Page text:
The landscape of the utility industry is changing. After 95 years of “more of the same” infrastructure, information communications technology (ICT) is becoming part of the next generation of utility generation, delivery and consumption. The ICT industry, once solely aligned with providing voice solutions for the public telecommunications and enterprise communications industries, has been expanding services into a myriad of once untouched industry verticals.
Today, carriers and service providers are increasingly expanding their service offerings to include solutions for the utility industry. What is driving this trend? The ICT industry's ability to deliver two-way data transmission solutions, such as smart grid technology and machine-to-machine (M2M) technology to businesses.
In the case of the utility industry, M2M technology is the basis for smart grid and home energy management solutions. As smart meters get even smarter, and the security of the information becomes more critical to the successful adoption of the technology, bandwidth requirements are projected to exceed the capabilities of legacy systems.
To realize the greatest benefits from the deployment of these smart grid technologies, the cost-effectiveness of the devices, communications and applications all must be developed and enhanced. Industry-developed standards are necessary to allow for the reduction in costs, to increase efficiency and to expand the number of markets.
The Role of Standards
As the possibilities of M2M technology continue to redefine the ICT industry, the Telecommunications Industry Association (TIA) has been at the front end of delivering standards that address M2M interoperability in several industry verticals. Accredited by the American National Standards Institute, TIA operates 12 standards engineering committees, which develop industry standards for a variety of ICT applications, including the utility industry.
TIA's TR-51 engineering committee, Smart Utility Networks, is currently in the process of developing air-interface, network and conformance standards in support of smart grid networking. The intent of the standards produced by TR-51 is to provide electric utility providers with a standardized and industry-proven blueprint to providing intelligent two-way data transmission between smart meters, smart home appliances and a utility's back-office system.
While the build-out costs associated with a smart grid deployment are high, TR-51's work also is addressing ways to reduce the costs associated with smart grid deployment. Smart Utility Network devices allow for the operation of large-scale, low-power wireless applications, but they often require the maximum use of power available under applicable regulations, particularly when used to provide long-range, point-to-point connections.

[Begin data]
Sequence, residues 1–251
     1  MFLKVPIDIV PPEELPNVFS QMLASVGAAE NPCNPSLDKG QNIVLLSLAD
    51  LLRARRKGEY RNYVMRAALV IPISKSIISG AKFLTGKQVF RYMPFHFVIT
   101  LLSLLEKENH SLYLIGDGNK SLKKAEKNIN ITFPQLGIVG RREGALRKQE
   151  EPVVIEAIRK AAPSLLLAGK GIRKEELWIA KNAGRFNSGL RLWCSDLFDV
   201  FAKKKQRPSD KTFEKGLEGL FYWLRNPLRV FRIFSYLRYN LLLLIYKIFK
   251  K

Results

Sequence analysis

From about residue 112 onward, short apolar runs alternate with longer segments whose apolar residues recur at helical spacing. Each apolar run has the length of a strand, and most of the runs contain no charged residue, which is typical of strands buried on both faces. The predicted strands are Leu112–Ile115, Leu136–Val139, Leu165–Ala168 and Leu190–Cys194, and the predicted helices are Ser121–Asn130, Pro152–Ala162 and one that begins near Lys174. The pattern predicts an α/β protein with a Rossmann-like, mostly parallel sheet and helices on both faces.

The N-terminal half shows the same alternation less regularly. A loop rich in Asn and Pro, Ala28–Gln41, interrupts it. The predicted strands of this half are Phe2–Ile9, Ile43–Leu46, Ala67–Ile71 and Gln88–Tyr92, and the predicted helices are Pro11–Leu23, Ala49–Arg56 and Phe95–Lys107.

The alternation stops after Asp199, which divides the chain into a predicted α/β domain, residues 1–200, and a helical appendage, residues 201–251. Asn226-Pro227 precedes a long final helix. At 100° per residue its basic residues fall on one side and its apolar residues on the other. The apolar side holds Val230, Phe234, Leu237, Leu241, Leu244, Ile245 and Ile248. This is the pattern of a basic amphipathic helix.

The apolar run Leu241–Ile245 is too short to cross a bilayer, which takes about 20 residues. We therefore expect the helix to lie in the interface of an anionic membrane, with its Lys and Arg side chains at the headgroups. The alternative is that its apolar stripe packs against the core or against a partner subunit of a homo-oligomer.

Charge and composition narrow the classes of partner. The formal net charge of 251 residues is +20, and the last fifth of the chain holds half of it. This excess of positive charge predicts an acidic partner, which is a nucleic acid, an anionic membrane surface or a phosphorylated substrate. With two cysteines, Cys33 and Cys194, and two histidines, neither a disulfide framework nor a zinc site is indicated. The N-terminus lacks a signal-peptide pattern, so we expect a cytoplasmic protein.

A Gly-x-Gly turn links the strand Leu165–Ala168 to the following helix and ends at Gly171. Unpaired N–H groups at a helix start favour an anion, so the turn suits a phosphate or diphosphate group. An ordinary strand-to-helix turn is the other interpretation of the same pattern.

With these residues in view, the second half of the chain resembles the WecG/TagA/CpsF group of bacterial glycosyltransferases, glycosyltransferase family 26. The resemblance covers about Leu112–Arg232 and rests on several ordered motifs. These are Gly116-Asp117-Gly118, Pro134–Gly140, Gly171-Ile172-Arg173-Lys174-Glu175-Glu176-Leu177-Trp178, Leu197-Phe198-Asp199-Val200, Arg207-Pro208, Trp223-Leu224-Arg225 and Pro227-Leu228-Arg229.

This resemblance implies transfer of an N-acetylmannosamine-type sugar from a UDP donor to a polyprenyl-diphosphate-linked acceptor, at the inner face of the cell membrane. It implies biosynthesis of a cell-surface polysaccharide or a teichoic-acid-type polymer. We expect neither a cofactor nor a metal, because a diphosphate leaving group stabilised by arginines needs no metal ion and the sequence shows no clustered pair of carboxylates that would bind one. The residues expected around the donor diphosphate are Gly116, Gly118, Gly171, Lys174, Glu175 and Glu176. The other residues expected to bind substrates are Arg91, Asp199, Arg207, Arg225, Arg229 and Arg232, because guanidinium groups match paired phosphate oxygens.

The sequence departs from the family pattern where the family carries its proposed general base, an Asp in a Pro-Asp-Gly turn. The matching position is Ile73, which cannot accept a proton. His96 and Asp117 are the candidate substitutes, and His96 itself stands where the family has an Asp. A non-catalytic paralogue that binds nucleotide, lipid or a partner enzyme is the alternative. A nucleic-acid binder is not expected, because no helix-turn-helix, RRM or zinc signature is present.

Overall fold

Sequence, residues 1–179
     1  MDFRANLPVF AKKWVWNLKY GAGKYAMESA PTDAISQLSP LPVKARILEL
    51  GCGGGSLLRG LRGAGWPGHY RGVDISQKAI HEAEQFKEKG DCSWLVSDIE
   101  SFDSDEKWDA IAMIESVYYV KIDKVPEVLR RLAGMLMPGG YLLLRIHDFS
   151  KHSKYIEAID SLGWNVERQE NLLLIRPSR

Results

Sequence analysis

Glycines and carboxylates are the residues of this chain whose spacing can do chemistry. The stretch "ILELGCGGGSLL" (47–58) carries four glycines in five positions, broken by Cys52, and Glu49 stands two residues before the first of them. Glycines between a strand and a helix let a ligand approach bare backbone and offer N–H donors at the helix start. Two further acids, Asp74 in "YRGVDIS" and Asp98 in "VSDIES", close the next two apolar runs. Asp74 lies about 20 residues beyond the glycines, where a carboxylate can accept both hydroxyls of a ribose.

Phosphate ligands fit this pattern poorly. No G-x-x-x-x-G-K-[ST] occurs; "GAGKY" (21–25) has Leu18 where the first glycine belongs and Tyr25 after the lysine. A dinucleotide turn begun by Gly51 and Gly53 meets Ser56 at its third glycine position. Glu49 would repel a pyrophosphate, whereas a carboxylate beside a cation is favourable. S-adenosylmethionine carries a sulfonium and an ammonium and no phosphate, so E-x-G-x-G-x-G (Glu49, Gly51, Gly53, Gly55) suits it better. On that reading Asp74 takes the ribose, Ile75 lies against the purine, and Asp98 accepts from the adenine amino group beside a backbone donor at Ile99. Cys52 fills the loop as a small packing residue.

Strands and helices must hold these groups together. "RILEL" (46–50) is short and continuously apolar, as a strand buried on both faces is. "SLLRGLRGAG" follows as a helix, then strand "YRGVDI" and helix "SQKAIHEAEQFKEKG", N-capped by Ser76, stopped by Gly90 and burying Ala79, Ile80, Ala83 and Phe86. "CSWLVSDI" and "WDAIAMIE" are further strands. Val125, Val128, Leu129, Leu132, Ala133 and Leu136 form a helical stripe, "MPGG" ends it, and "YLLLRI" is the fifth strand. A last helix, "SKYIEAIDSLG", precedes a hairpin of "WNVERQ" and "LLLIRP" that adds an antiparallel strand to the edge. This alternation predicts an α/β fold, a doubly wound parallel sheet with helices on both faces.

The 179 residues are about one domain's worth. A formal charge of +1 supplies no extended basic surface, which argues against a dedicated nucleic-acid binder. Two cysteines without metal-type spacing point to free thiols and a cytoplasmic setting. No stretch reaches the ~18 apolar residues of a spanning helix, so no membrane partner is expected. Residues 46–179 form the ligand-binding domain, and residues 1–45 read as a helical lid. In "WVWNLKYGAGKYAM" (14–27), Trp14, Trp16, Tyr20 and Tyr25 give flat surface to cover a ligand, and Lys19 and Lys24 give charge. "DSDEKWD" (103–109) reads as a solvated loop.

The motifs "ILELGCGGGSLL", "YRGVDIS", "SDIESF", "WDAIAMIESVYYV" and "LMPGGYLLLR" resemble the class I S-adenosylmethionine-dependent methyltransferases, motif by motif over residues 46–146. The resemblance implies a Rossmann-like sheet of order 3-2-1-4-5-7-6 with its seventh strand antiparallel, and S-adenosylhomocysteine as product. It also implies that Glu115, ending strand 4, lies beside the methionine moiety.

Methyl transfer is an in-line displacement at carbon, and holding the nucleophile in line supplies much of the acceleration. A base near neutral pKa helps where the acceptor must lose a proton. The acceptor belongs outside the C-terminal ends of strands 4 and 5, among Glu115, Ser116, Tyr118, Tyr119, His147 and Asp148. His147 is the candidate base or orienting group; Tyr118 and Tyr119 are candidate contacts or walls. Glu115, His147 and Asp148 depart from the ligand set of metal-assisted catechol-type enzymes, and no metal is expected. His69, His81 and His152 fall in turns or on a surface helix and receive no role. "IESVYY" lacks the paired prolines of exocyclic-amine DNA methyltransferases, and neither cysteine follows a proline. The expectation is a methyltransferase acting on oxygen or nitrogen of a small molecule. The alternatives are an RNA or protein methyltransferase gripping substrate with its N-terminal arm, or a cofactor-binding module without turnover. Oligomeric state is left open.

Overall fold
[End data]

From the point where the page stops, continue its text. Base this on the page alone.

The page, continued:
TR-51's formulation of a multipart wireless mesh network topology standard, optimized for smart grid network applications, provides utilities with an alternative method of connecting the smart grid over a geographically widespread area with a large number of devices operating. The standard, which employs the use of a mesh, or peer-to-peer, multihop technique may be employed by utilities so that devices may effectively communicate with an access point over a geographically widespread area. By allowing devices to relay data via this technique, utilities are able to reduce the number of access points across their smart grid and save on build-out costs.
The Disconnected Utility
The development of voluntary industry standards functions most efficiently with a balanced representation of users and producers of smart grid technologies. While the device manufacturers and application developers are represented, the absence of end users (utility companies), particularly those from North America, is problematic.
For the utility companies to enable the strength and full potential of the competitive market forces, and thus realize the inherent cost reductions and product innovations, their participation and contributions to the standards development process is necessary.
TIA has an active outlet for the development of standards related to the deployment and use of smart grid technologies. The utility companies have the most to gain from the development of industry standards, yet remain absent from the conversation. TIA and the experts in the TR-51 engineering committee welcome participation from representatives of the utility companies in these efforts.
Herb Congdon (email@example.com) has served as chair of the TIA TR-42 Telecommunications Cabling Infrastructure engineering committee and several TR-42 subcommittees. He is a registered professional engineer in North Carolina.
Editor's note: For more information on the Telecommunications Industry Association or the TR-51 engineering committee, contact Jeff Hannah at firstname.lastname@example.org.